Written Submission for 26 June

Oportunities  afforded by the new draft curriculum for the study of history

1.       Teachers’ independence.Teachers will be free to devise flexible courses unique to their school, meeting the needs and interests of their pupils, across both the traditional Humanities subjects of Religious Education, Geography and History, and the new subjects of Business Studies and Social Studies.

2.       Relevance. It will be possible to reflect current events in these courses, and to consider how religious, geographical and historical factors influence each other and affect business and society too.

3.       Cynefin. The concept of cynefin will give a focus and a purpose to the new courses. It provides an opportunity to give young people a secure foundation of belonging. This should help them to look outwards at the world around them, and understand how their cynefin contributed to the development of Wales and the wider world, and how that world has affected Wales and their own area.

4.       Skills. There is an appropriate emphasis on the skills of each individual subject (such as enquiry, analysis and the evaluation of evidence) and the structure of the new curriculum provides opportunities to practise these across a range of subject and to apply them in new contexts.

5.       The Welsh language. The new curriculum gives importance to the Welsh language, and the Humanities Area of Learning and Experience provides opportunities to enrich the study of the language by placing it in its religious, social, geographical and historical context. Students can consider the reasons for its persistence, and implications of living in a bilingual/multilingual country today.

Challenges to be faced in implementing the new curriculum

1.       Practicality. The detailed documents that have been published are evidence of the careful and thorough work which has been done over the years since Successful Futures was published. But in their size and detail they are painfully reminiscent of the first drafts of the original National Curriculum thirty years ago. That curriculum proved to be too difficult to implement, and it was necessary to simplify it and to shorten it substantially in the years that followed.

2.       Tension between teachers’ autonomy and public opinion. Our tendency in teaching is to keep to the familiar, the safe and that which engages our audience. The GCSE and A level examinations also influence the work of secondary schools. Teachers have a natural desire to provide work and experiences which help candidates to succeed in those examinations. In my view, teachers will need clear and reliable guidance in implementing the new curriculum. Such guidance should make clear its possibilities rather than indicating only one way of interpreting and teaching it. But would the provision of such guidance undermine the principle of giving teachers independence in devising their own courses?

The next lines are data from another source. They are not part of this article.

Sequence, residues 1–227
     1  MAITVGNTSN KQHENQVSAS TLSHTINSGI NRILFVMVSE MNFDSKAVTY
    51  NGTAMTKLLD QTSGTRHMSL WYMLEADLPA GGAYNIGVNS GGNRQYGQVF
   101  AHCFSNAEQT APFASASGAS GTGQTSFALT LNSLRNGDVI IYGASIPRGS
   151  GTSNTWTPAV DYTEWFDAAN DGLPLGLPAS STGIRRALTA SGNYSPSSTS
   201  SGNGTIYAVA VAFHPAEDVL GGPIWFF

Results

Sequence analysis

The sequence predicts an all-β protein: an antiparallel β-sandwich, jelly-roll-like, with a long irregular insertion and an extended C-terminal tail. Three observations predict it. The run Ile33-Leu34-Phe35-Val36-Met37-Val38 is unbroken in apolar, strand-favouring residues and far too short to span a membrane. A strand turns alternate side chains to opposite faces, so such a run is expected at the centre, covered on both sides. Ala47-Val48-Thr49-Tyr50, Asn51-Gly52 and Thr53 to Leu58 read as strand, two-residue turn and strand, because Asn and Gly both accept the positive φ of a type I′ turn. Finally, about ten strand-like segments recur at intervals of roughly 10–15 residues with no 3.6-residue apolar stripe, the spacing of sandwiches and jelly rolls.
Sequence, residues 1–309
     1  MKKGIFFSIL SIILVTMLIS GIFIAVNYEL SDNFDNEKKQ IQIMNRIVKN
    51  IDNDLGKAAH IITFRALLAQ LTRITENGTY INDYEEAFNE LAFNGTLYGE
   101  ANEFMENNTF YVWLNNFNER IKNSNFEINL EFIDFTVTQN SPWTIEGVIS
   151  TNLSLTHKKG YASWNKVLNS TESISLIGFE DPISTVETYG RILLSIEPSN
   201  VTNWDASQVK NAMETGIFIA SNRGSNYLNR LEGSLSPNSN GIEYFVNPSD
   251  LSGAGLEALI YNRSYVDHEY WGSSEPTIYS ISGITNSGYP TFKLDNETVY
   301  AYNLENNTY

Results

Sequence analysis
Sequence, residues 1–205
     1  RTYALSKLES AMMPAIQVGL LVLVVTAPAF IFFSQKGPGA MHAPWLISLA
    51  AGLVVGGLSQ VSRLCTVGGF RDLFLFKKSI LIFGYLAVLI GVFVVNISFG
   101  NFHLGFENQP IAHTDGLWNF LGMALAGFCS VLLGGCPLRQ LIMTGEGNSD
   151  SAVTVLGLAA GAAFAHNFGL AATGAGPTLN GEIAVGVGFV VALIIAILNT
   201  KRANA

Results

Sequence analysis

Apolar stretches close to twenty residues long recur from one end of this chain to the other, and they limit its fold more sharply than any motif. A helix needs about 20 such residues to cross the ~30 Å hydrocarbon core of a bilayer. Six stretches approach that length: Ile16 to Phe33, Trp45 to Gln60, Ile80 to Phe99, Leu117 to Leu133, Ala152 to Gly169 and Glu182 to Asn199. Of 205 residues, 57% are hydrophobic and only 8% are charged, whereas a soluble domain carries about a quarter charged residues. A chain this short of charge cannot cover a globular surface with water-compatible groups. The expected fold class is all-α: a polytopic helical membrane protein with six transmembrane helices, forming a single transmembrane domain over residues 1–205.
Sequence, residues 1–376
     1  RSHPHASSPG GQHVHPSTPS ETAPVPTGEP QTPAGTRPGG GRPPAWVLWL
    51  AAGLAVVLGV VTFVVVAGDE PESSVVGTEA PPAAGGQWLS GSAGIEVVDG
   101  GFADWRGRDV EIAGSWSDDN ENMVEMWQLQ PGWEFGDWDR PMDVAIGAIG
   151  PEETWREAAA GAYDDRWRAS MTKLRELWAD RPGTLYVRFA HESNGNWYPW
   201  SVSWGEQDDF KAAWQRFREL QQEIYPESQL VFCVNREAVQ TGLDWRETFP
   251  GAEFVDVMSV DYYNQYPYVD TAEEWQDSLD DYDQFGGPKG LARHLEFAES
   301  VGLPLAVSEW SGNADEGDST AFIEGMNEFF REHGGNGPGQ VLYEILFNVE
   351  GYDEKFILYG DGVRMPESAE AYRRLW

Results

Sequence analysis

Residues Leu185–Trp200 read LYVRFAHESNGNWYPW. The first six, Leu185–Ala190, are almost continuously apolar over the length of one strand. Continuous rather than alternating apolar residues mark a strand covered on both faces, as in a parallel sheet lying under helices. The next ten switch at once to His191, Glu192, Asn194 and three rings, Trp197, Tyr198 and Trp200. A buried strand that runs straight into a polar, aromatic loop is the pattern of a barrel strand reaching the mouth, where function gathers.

3.       Current difficulties.  The former curriculum gave Welsh history a clear central position in the Programme of Study, but the structure of the draft curriculum does not give it the same status. The criticism of the lack of Welsh history in our schools reflects the experiences of those who were educated through the former curriculum. If Welsh history did not then receive the attention they perceive as appropriate, what can they expect in future?


1.       Lack of evidence to support debate. The place of Welsh history in the school curriculum has recently become the subject of public debate, which is a comparatively new development in my experience. But as far as I am aware, there has been no independent review of what is actually taught for at least twenty years. Consequently, it appears that current debate is based on the experiences and personal opinions of individuals and the interests of different organisations. In view of the strong feelings sometimes expressed, and the political aspects of the debate, there is a clear need for an independent audit of the history currently being taught. It might be possible to use the information held by the Welsh Joint Education Committee on option choices at GCSE and A Level as a starting point. The WJEC was also responsible for a survey done between 2008 and 2011 of internal school assessments at the end of Key Stage 3. I worked with a team of subject teachers to moderate the work submitted for history. I do not know what happened to the reports prepared at that time, but I do remember drafting a letter to be sent to those schools which had not submitted any examples of work on some core aspects of the Programme of Study, such as the history of Wales.

2.       The dangers of a debate based on lack of reliable information. The development and influence of social media show the dangers of debates based on emotion and prejudice. I am afraid that the current debate could have an adverse effect on social cohesion if no objective evidence is available to support statements.